INSIGHTS FROM 'TEXAS THROUGH TIME': FOCUS ON WEST TEXAS
EWING, Thomas E., Bureau of Economic Geology, University of Texas at Austin, Austin, TX; and Frontera Exploration Consultants, San Antonio TX
In June 2013 I began to put together a summary volume on the geology of Texas as geologists currently understand it, to be designed for general audiences. At present, the draft is completed and we are in review and editing/compositing stage; anticipated printing date is September, 2015. The book is fully illustrated in color, and around 300-340 pages long. It includes a comprehensive series of time-stratigraphic charts and an atlas of paleogeography and other features.
To write such a summary involved summarizing and synthesizing hundreds of geological reports and articles. That has led to some interesting new insights, a few of which follow:
Precambrian history is long and complex, we need more subsurface samples! The biggest question is the 'juvenile crust' section of the Southern Granite-Rhyolite province, how it gets added and how it's reworked into the Llano Orogen.
Latest Precambrian-Middle Cambrian rifting includes activity on the Devils River trend as far as Van Horn. Interestingly, Cambrian and Ellenburger isopachs don't show subsidence into that area, but instead towards San Antonio.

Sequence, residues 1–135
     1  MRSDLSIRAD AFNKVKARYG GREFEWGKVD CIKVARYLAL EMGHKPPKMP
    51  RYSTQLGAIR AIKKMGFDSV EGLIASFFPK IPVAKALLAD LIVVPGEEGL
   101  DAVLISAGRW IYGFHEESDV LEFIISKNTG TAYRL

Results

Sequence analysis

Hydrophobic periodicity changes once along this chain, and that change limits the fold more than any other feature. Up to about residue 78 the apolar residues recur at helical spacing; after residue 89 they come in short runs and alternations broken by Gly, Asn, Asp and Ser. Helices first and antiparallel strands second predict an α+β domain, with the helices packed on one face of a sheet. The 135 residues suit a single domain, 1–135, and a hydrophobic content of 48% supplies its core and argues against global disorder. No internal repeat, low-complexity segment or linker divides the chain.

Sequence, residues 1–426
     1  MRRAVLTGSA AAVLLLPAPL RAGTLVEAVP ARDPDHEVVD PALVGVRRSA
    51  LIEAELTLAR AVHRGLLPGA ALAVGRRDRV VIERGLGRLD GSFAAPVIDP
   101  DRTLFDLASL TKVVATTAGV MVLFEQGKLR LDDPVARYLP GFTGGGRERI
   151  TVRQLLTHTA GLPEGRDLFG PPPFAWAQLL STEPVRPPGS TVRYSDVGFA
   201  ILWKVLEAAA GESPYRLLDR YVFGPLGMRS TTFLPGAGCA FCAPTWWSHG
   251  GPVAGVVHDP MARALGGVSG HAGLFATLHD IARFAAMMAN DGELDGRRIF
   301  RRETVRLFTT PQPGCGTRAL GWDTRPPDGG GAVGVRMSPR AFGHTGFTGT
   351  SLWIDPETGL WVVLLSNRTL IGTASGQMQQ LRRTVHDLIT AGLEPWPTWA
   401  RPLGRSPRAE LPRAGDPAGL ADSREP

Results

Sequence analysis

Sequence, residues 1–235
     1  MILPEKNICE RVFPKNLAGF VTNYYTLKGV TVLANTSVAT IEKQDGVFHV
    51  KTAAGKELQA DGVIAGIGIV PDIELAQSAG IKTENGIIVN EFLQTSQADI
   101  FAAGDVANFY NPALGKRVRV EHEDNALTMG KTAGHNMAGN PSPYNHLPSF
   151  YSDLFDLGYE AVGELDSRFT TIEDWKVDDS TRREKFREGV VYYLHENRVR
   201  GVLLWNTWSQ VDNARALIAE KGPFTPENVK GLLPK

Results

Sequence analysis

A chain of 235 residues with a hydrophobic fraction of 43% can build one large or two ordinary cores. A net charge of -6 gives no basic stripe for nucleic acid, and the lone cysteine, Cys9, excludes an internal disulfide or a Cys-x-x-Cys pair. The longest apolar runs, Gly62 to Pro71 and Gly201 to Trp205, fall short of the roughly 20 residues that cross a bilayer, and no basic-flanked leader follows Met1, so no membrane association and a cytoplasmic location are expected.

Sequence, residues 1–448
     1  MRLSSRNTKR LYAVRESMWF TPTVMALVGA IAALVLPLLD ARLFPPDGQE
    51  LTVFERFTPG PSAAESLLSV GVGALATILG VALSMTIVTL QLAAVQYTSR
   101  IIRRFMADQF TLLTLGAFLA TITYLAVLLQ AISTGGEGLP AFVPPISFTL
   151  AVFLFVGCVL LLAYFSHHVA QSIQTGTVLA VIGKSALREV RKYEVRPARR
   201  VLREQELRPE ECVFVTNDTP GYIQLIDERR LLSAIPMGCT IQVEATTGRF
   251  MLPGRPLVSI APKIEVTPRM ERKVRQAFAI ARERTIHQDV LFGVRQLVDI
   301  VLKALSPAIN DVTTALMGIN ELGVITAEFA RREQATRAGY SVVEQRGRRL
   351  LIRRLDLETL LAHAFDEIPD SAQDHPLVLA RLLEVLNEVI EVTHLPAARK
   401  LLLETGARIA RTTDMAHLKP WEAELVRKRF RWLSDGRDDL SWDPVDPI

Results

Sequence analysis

The story of rifted and displaced terranes south of the craton is newly considered and revised. One terrane (south of the former Marathon Basin, south of the Devils River) was sheared off to form 'Cuyania' in South America in mid-late Ordovician. It's possible that Sabinia (the Sabine Block) is also a part of North America and not exotic - but we need crazy deep drilling to be sure!
Ouachita-Marathon deformation is a 'soft docking' not a high-impact continental collision. It doesn't seem to explain the Late Paleozoic uplifts and basins, which are more consistent with SW-NE compression and related strike-slip.
The project also includes a website (now in beta), which will be part of the BEG website. It will include statewide information; some material from the book; and a series of 70-plus 'Great Places to View Texas Geology'. These are miniature field trip guides to highlight publicly accessible places to be wowed by Texas rocks and landscapes. Each site includes a nontechnical discussion of what you see, why it's important; a gallery of photographs; and a few references and websites for more information.
In West Texas these sites include: the Guadalupe Mountains (4 sites), Balmorhea/Davis Front, Marathon Basin, Odessa Meteor Crater, Big Spring, Iraan-Fort Lancaster, and Langtry-Pecos Canyonlands - plus some 11 sites in the Trans-Pecos mountains. In Northwest Texas, we add: Muleshoe Depression, Blanco Canyon, Caprock Canyons, Palo Duro, and Lake Meredith area.